Our country has been battling an opioid addiction crisis for nearly 30 years. In the early 1990s, public officials had some justification in blaming patient-prescribed pills as the source of the problem. During that time, physicians increased the number of prescriptions to compensate for undertreatment of pain in patients, and in 1996 Oxycontin was released and vigorously marketed to doctors. Since then, lawmakers and doctors have been trying to find the right balance of regulation and usage among patients, not to mention issues with the drugs finding their way into black markets.
It’s clearer to see in retrospect that policymakers have misjudged possible solutions to the problem by overestimating the patient risk in using prescription drugs. At the same time, they have done very little to encourage and assist clinicians in identifying patients who would be more vulnerable to develop an addiction. In general, they regard drops in opioid prescriptions as a good thing, while in reality, tighter restrictions often prevent many non-addicted patients from getting the opiates they need.
Further clouding the issue is the fact that patients who abuse their pills are often not new to drug use. In the federal government’s 2014 National Survey on Drug Use and Health, it was revealed that more than three-fourths of opioid misusers had previously used non-prescribed benzodiazepines like Valium or Xanax as well as inhalants. Instead of being innocent parties who end up with addiction after being given a prescription, most patients with opioid addiction already have an extensive history of drug use.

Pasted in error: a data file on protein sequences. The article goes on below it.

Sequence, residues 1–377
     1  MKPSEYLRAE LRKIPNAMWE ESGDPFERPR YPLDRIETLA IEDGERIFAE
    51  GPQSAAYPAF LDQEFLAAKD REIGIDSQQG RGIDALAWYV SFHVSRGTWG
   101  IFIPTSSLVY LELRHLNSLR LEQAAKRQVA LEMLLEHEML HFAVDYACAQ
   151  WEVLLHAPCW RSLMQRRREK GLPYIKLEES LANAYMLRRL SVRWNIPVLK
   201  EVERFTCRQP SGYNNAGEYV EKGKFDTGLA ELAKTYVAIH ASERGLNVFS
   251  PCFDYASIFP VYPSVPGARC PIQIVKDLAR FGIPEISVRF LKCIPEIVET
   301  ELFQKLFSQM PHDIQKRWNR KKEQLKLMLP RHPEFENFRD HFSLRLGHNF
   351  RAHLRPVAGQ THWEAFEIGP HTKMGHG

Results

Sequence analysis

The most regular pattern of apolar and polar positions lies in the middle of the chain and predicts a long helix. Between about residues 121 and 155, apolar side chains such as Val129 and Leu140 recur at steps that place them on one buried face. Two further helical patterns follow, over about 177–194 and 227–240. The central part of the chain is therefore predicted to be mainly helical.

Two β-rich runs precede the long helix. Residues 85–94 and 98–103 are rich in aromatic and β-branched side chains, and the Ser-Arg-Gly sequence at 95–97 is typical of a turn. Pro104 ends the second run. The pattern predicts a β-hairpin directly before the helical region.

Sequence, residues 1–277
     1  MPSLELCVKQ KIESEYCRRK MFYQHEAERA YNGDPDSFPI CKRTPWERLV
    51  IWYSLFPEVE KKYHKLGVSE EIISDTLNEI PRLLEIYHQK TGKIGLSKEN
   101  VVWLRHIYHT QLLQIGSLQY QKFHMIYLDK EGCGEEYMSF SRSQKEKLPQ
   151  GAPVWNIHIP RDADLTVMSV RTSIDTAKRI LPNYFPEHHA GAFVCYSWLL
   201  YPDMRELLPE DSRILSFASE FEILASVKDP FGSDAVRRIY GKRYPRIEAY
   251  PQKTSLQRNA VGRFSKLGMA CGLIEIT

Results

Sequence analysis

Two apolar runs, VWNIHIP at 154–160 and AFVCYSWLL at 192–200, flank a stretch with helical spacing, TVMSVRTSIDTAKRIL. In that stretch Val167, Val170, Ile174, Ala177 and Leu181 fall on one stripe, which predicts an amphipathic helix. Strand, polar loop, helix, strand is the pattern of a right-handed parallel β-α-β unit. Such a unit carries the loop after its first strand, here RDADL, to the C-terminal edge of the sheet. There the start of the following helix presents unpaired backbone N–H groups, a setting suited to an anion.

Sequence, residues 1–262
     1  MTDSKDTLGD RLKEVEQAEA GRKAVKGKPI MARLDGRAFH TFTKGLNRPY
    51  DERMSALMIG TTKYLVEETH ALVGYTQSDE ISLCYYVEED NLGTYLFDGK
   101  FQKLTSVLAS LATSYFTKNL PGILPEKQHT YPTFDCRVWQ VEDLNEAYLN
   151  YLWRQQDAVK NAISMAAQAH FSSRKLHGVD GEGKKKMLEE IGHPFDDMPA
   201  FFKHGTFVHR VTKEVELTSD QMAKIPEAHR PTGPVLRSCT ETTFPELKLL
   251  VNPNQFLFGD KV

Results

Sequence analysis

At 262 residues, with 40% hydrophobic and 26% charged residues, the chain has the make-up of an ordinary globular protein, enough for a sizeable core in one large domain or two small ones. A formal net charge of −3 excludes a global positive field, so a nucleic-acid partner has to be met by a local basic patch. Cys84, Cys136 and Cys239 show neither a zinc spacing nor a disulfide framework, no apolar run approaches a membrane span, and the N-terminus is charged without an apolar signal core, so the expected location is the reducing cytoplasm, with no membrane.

Addiction is also a dynamic process. It isn’t something that can be traced to one specific action in one specific moment in time—it usually runs much deeper than, “if only I hadn’t taken that one pill, things would be okay.” Addiction can usually be traced to stressors unique to each individual, such as depression, anxiety, or a seemingly endless variety of concerns that could weigh heavily on one’s thoughts and feelings—being overweight, feeling stuck and frustrated in a job, being able to “come out” to one’s family, etc. When a drug triggers a bodily response that reduces the impact of those stressors, it becomes a seductive alternative to coping with them. This isn’t to say addiction is inevitable at that point, but it’s an indication that the risk is much higher for these individuals.
The problems at the core of the opioid crisis go far beyond the pills themselves. They are much more likely to gain addictive power over people who feel that their use is relieving an inner pain or satisfying an unmet need. So while it has been important to pay attention to the regulation of prescriptions, it is just as important to recognize patients who could be at a greater risk to develop a dependency. If you or someone you know is struggling with addiction to opioids, other substances, or alcohol, Contact Ridgeview Ranch (877-526-7706) to speak with one of our clinical professionals about seeking treatment.